Mitchell takes Eckhart and Kidman down the Rabbit Hole
Why is that so many hack directors crank out movie after movie while the really talented filmmakers make us wait? John Cameron Mitchell took five long years after Hedwig and the Angry Inch to get 2006’s Shortbus into theaters, and he’s only now getting rolling on his third feature, which sounds both fascinating and mass-audience friendly. Mitchell has been tapped to bring the Pulitzer Prize–winning Broadway hit Rabbit Hole to the big screen, and he’s got Aaron Eckhart and Nicole Kidman in the lead roles. David Lindsay-Abaire will adapt his own play, which tells the story of a married couple taking an emotional journey after sudden tragedy strikes. Kidman is producing and will play the role that won lesbian actress Cynthia Nixon a Tony. Shooting starts in late May, so Rabbit Hole might be finished in time for Oscar contention at the end of the year. Or next. Or maybe the one after that.
Kristanna Loken rolls up to Janjaweed
Oh, Kristanna Loken, you may be married now, but to Romeo you’ll always be the loose-lipped bisexual who outed her girlfriend in an Advocate interview and set Shane’s hair salon-skateboard park-clothing store-smoothie hut on fire on The L Word. And now you’re reuniting with your Bloodrayne director, the infamous Uwe Boll, for another movie. And it’s about Darfur. Because, really, who doesn’t want to see a film about one of the great tragedies of the modern era directed by the guy who gave us grade-Z entertainment disasters like Alone in the Dark and In the Name of the King: A Dungeon Siege Tale? Joining Loken on what promises to be a fascinating journey are Billy Zane and the long-out-of-the-spotlight Edward Furlong. Shooting commences soon, but Boll’s got a very full schedule (quantity, not quality, is this man’s m.o.), so a release date is anyone’s guess.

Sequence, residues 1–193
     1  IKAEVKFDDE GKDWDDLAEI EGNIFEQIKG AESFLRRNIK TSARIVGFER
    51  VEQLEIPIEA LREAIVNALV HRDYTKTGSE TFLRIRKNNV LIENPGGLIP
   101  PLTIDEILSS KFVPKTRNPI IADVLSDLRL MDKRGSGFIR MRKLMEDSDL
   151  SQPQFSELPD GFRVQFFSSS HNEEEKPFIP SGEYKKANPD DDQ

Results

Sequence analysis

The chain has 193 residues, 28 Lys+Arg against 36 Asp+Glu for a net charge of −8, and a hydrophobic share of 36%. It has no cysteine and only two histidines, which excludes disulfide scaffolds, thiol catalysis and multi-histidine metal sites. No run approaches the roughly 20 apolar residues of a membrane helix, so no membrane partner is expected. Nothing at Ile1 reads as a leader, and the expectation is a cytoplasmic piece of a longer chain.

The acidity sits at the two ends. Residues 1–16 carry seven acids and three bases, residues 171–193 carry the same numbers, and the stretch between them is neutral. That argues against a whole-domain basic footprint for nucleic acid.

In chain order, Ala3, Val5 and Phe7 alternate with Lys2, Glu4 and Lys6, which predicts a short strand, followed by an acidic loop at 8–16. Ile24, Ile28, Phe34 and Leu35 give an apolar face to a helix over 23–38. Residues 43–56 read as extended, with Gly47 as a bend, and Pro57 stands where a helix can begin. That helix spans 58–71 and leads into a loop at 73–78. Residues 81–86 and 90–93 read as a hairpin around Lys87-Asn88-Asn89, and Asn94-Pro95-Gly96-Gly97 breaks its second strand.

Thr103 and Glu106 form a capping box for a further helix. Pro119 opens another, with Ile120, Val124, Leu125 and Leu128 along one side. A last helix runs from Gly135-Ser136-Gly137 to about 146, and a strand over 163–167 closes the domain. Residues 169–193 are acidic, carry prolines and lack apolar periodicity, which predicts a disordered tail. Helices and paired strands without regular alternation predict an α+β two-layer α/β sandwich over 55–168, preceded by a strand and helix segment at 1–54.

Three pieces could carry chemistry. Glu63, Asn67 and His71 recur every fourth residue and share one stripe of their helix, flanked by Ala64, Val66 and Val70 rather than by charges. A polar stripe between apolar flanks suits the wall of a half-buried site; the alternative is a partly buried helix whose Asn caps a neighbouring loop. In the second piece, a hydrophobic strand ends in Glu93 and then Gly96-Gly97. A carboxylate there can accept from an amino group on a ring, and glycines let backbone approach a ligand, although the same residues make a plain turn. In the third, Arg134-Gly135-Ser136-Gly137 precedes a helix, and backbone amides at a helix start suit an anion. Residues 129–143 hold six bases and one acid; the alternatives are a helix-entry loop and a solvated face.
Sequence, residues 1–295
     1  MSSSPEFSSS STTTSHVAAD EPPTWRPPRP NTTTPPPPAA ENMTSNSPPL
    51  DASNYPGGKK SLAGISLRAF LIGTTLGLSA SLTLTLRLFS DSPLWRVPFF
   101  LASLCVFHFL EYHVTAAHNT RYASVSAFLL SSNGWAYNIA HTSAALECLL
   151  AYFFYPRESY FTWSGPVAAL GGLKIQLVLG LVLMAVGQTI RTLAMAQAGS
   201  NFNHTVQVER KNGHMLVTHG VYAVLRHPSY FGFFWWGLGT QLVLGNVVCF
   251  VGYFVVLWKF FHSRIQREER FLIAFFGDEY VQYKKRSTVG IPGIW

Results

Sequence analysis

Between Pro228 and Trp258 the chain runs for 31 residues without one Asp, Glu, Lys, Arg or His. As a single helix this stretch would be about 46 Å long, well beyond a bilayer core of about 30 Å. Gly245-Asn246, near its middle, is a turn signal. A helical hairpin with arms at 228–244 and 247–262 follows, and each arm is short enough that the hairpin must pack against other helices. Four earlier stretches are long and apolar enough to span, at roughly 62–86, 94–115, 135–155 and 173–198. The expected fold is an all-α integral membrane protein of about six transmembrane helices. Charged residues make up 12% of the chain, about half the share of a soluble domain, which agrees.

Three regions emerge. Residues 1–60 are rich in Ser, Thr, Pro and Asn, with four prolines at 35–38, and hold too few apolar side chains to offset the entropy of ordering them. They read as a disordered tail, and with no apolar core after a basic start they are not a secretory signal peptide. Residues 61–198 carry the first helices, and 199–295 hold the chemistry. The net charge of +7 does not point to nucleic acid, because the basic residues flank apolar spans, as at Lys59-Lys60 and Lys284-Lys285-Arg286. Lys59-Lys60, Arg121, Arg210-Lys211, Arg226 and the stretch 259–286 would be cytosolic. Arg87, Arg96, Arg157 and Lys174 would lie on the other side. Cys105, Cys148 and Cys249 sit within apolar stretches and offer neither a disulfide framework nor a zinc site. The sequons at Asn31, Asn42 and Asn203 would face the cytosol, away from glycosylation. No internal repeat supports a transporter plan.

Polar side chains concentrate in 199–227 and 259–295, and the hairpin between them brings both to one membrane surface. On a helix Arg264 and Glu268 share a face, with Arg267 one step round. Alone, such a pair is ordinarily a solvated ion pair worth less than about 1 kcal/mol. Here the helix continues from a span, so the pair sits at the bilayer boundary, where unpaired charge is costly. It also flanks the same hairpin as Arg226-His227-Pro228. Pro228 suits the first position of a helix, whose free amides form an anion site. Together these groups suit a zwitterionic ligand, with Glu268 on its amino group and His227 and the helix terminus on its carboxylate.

Green Day’s American Idiot becomes a musical
Hit-making (and very pro-queer) pop-punks Green Day are taking their multi-platinum 2004 concept album American Idiot and turning it into a stage musical. (You’ll recall the title song, in which lead singer Billie Joe Armstrong reasoned, “Maybe I am the faggot America/I’m not part of a redneck agenda.”) American Idiot, like the album that spawned it, is about coming of age in an America rocked by 9/11, and it makes its stage premiere in September at the Berkeley Repertory Theatre in California. Running the show is gay Broadway biggie Michael Mayer, who won a Tony for putting together Spring Awakening; his other credits include the musicals Thoroughly Modern Millie and the revival of You’re a Good Man, Charlie Brown, so he knows what he’s doing. Don’t be surprised to see this Idiot go all the way to the Great White Way.
Showtime goes Way Out
Every gay man and lesbian has his or her own coming-out story, but the process of disclosing your sexual orientation to the world is about to become good TV. Showtime has brought on two producers of the utterly addictive Intervention to create Way Out, a weekly show that will follow GLBT subjects on their journey out of the closet. A nationwide search is currently underway to find the subjects for the first season; the creators say the goal of the show is to help out not only the people who go before their cameras but also viewers who might not think they know any queer folks or who don’t understand the toll involved in keeping a major part of one’s life a secret. Look for a Way Out in late 2009 or early 2010.
Romeo San Vicente takes no responsibility for outing that A-list actor. The man in question should have picked a hotel with better soundproofing. He can be reached care of this publication or at DeepInsideHollywood@qsyndicate.com.